Dylan Farrow has given her first televised interview about Woody Allen.
Speaking in her first televised interview, Dylan Farrow has repeated her claims that adoptive father Woody Allen abused her.
“I loved my father. I respected him. He was my hero. And that doesn’t obviously take away from what he did. But it does make the betrayal and the hurt that much more intense,” she said.
Speaking to Gayle King on CBS, Farrow outlined the abuse.
“I was taken to a small attic crawl space in my mother’s country house in Connecticut by my father,” she said. “He instructed me to lay down on my stomach and play with my brother’s toy train that was set up.”
“And he sat behind me in the doorway, and as I played with the toy train, I was sexually assaulted … As a 7-year-old I would say, I would have said he touched my private parts. As a 32-year-old, he touched my labia and my vulva with his finger.”
“He would follow me around. He was always touching me, cuddling me and if I ever said, you know, like I want to go off by myself, he wouldn’t let me… He often asked me to get into bed with him when he had only his underwear on and sometimes when only I had my underwear on.”
“I loved my father. I respected him. He was my hero. And that doesn't obviously take away from what he did. But it does make the betrayal and the hurt that much more intense.” -- @realdylanfarrow tells @GayleKing #FarrowThisMorning pic.twitter.com/QvuNI3sxJg— CBS This Morning (@CBSThisMorning) January 18, 2018
Speaking on Twitter before the interview aired, Farrow said she wanted to show the “raw and honest reality”: “no airs, just the truth”.
“I wanted to face you, I wanted you to see me; not as a Farrow, not as a figure, but as a woman telling the truth to honor the little girl that got left behind,” she wrote.
“Coming forward on television was not an easy decision or one I made lightly. I knew full well I would be put under a microscope; my words analysed, my appearance critiqued.”
“We as a society expect survivors to fit a very narrow mold - sincere but not too frank, eloquent but not too put together, composed but not too rigid. We start by judging not by listening. We begin with skepticism not with belief. That must change.”
And in her interview, Farrow said that the #MeToo movement had inspired her to continue speaking about the claims.
“With so much silence being broken by so many brave people against so many high profile people, I felt it was important to add my story to theirs,” she said. “It was very momentous for me to see this conversation finally carried into a public setting.”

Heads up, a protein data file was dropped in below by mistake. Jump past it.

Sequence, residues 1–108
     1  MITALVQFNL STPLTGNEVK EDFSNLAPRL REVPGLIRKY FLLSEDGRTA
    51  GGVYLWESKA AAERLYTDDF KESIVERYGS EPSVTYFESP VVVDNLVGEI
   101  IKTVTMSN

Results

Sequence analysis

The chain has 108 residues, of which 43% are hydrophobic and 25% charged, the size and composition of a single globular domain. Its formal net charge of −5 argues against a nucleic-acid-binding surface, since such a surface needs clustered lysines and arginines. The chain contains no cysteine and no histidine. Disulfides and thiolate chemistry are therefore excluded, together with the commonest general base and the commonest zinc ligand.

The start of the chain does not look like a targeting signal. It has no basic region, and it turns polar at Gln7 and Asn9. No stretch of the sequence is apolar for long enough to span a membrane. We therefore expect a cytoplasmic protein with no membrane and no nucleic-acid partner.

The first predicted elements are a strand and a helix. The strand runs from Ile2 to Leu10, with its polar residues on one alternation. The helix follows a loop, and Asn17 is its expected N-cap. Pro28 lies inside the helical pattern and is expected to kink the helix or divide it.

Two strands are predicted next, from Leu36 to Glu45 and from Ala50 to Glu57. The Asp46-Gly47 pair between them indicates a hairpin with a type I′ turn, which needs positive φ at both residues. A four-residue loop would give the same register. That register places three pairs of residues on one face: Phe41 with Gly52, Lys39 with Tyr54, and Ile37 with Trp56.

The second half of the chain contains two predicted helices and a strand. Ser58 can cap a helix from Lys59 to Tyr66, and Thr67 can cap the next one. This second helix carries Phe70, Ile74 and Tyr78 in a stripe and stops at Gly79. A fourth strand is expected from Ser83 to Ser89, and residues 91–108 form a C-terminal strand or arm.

I cannot thank everyone enough for the outpouring of support today. It has touched my heart deeply and I am so grateful.— Dylan Farrow (@RealDylanFarrow) January 19, 2018
More and more actors have come out against Allen, apologising for their work with him.
Timothée Chalamet, who stars in Allen’s latest film, A Rainy Day in New York, has donated his salary from the film to a number of initiatives including Time’s Up, the LGBT Centre in New York, and RAINN [the Rape, Abuse & Incest National Network]; Greta Gerwig also apologised during a New York Times roundtable.
“I can only speak for myself and what I’ve come to is this: If I had known then what I know now, I would not have acted in the film,” she said. “I have not worked for him again, and I will not work for him again. Dylan Farrow’s two different pieces made me realise that I increased another woman’s pain, and I was heartbroken by that realisation.”
British actor Colin Firth has also stated that he will never work with the director again.
Farrow has been speaking out about her abuse for many years. In a 2014 op-ed for the New York Times, Farrow described how she had felt “silenced” and “rebuked” by Allen’s continued success.
“Last week, Woody Allen was nominated for his latest Oscar,” she wrote. “But this time, I refuse to fall apart. For so long, Woody Allen’s acceptance silenced me. It felt like a personal rebuke, like the awards and accolades were a way to tell me to shut up and go away. But the survivors of sexual abuse who have reached out to me – to support me and to share their fears of coming forward, of being called a liar, of being told their memories aren’t their memories – have given me a reason to not be silent, if only so others know that they don’t have to be silent either.”
And earlier this year, Farrow wrote a piece for the LA Times asking “Why has the #MeToo revolution spared Woody Allen?”.
“It isn’t just power that allows men accused of sexual abuse to keep their careers and their secrets. It is also our collective choice to see simple situations as complicated and obvious conclusions as a matter of “who can say”? The system worked for Harvey Weinstein for decades. It works for Woody Allen still.”
Allen has denied the claims.
Image: Rex Features